Election Day is Tuesday, November 3, 2020, but you’ll have a chance to vote much sooner than that!
Confirm Your Registration
The first thing you’ll want to do is check to make sure your voter registration is up to date!
All Colorado registered voters will receive a mail ballot automatically. Ballots are sent out starting October 9th, and should arrive in your mailbox no later than the 16th. If you have not gotten your ballot by October 19th, contact your County Clerk’s office.
If you’re not registered, you can register online at www.GoVoteColorado.com until October 26th and you can register in person at a vote center until 7:00 p.m. on Election Day. To vote, you must be a U.S. Citizen, 18 years of age, and a resident of Colorado for at least 22 days before November 3, 2020.
October 26th is also the last day to call and request a ballot to be mailed to you, though you’d be cutting it really close. After the 26th, please plan to vote in-person.
Research Ballot Measures
In addition to candidates, you’ll see quite a few statewide and local measures on the ballot. For the statewide ballot measures, you should have already received your blue book in the mail. Either way, you can view it online now: 2020 State Ballot Information Booklet. For more information, I also recommend Progress Now Colorado’s voter guide. I will soon be writing up my recommendations in a blog post. Stay tuned.
There are also a few local issues on the ballot. Here’s what you’ll see if you live in Lakewood:
- City of Lakewood: Ballot Question 2B – If approved, this measure will allow the existing medical marijuana retailers in Lakewood to begin selling recreational marijuana as well. Learn more here.
- Foothills Park & Rec District: Ballot Question 6E: If approved, this measure will continue the existing mill levy used to fund the district’s operations. Learn more here.
Vote Right Away
When you get your ballot, please make sure to complete it, sign the affidavit on the envelope, and mail it back right away. Postage requirements vary from county to county, but you’ll be safe with two first-class stamps (but don’t lose sleep if you mailed it back with just one; that’s usually enough). If this is your first time voting by mail, you may receive a letter with your ballot instructing you to submit a photocopy of one of the acceptable forms of ID. You can check online to see if your ballot was received at BallotTrax.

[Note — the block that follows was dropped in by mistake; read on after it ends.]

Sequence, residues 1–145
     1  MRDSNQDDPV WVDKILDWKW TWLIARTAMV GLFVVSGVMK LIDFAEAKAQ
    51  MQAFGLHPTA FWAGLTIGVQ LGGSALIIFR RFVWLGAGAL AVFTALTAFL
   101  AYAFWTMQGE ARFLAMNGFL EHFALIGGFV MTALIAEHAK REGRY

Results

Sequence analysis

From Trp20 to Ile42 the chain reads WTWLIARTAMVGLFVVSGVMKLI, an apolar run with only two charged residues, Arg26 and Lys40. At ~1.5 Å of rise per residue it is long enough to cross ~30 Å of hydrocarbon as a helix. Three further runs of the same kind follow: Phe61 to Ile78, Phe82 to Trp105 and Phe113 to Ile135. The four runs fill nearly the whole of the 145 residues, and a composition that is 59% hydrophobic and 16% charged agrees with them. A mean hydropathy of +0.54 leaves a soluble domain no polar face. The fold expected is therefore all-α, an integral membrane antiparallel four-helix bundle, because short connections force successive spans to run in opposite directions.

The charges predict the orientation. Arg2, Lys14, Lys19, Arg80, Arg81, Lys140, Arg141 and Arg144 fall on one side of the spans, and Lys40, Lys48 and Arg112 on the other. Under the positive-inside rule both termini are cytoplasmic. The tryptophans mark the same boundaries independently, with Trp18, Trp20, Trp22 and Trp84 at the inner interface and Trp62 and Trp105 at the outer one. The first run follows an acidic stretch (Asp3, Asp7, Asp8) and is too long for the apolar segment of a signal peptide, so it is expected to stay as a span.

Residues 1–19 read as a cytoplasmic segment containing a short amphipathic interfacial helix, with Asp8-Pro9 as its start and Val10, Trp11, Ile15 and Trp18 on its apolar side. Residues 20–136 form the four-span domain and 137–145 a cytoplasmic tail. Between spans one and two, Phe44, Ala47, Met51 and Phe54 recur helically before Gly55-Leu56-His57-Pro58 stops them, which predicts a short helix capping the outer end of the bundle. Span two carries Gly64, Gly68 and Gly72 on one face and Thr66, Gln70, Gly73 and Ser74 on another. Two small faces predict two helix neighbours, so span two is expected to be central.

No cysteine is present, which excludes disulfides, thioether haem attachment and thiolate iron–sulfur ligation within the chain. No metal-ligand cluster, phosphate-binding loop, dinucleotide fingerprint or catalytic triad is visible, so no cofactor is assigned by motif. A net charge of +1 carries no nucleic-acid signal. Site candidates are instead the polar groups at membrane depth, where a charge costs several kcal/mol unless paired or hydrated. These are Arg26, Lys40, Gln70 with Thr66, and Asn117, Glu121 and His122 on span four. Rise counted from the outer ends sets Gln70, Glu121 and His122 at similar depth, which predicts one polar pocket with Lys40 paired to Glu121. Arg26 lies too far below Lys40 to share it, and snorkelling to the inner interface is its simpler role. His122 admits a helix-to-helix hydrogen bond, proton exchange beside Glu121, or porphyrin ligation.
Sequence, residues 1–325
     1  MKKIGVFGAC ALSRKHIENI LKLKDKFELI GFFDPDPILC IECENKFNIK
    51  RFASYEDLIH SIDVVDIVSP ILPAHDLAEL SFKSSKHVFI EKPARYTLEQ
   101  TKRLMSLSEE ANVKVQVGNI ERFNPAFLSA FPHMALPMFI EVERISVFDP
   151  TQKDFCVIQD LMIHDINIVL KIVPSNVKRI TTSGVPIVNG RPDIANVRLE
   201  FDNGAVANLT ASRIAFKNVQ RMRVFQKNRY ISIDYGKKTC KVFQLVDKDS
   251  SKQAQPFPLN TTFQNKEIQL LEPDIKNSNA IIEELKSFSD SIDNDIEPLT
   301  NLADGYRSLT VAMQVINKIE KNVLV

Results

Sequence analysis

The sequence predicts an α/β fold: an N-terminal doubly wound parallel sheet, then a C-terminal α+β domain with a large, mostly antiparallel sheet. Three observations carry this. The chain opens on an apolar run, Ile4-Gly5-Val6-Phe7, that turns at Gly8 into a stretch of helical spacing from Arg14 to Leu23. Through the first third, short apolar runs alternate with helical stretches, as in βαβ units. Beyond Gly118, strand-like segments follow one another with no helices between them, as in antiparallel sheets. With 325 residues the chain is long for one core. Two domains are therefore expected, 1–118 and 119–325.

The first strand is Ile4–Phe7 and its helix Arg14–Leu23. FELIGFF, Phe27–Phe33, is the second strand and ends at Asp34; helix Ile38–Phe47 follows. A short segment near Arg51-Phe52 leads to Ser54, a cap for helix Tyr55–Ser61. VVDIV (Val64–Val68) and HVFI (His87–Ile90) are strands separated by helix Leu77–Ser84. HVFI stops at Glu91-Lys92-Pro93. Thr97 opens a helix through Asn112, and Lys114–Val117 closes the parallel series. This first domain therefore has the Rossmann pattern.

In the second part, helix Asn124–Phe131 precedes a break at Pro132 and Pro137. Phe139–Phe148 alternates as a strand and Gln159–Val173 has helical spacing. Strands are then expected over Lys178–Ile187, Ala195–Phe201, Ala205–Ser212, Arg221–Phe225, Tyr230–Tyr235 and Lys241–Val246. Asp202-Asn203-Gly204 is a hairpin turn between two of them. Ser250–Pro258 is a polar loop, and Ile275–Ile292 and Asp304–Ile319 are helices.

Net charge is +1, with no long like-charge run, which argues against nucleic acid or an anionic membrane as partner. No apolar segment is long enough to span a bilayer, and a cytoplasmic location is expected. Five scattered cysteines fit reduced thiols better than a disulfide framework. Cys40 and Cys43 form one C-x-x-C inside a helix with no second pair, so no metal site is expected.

To be safe, we recommend putting your ballot in the mail by October 26th. After that, it’s better to drop it off in person to be 100% sure it arrives at the clerk’s office by 7:00pm on November 3rd.
Find Your Vote Center or Ballot Drop-Off Locations
If you prefer to drop off your ballot, you can do so at one of several polling centers or ballot drop boxes. Visit VoteJeffCo.com for locations near you.
Vote centers open on Monday, October 19th, and will be open on weekdays and some Saturdays through Election Day (with even more locations open on Tuesday, November 3). At these locations, you can register, drop off a mail ballot, request a replacement ballot, or vote using either a paper ballot or ADA accessible voting equipment. Voting in person will nullify your mail ballot. Hours vary at each location, so be sure to check first on the VoteJeffCo Map.
It is okay to drop off someone else’s completed ballot. If you plan to return a ballot from your neighbor, family member, friend, or another person, remember than you can only drop off 10 ballots from other people.
For more information, please contact the Jeffco Clerk and Recorder’s office at (303) 271-8111, via email, or on the web at www.VoteJeffco.com. Find additional information about Colorado elections on the Colorado Secretary of State webpage: https://www.sos.state.co.us/pubs/elections/electionInfo.html
Track Your Ballot
Consider signing up for email, text, or phone alerts that notify you when your ballot has been received.
NEW: Colorado Voters Will Be Able to Fix Ballot Issues Via Text
If there’s an issue with your ballot this year, you’ll be notified by mail as usual, but you now have the option to text a new program run by the Secretary of State’s office to fix the issue. Of course, if you prefer the traditional method of fixing a ballot issue via USPS, that option will still be available. More information will be provided to you if your ballot is flagged with an issue.
More on DenverPost.com.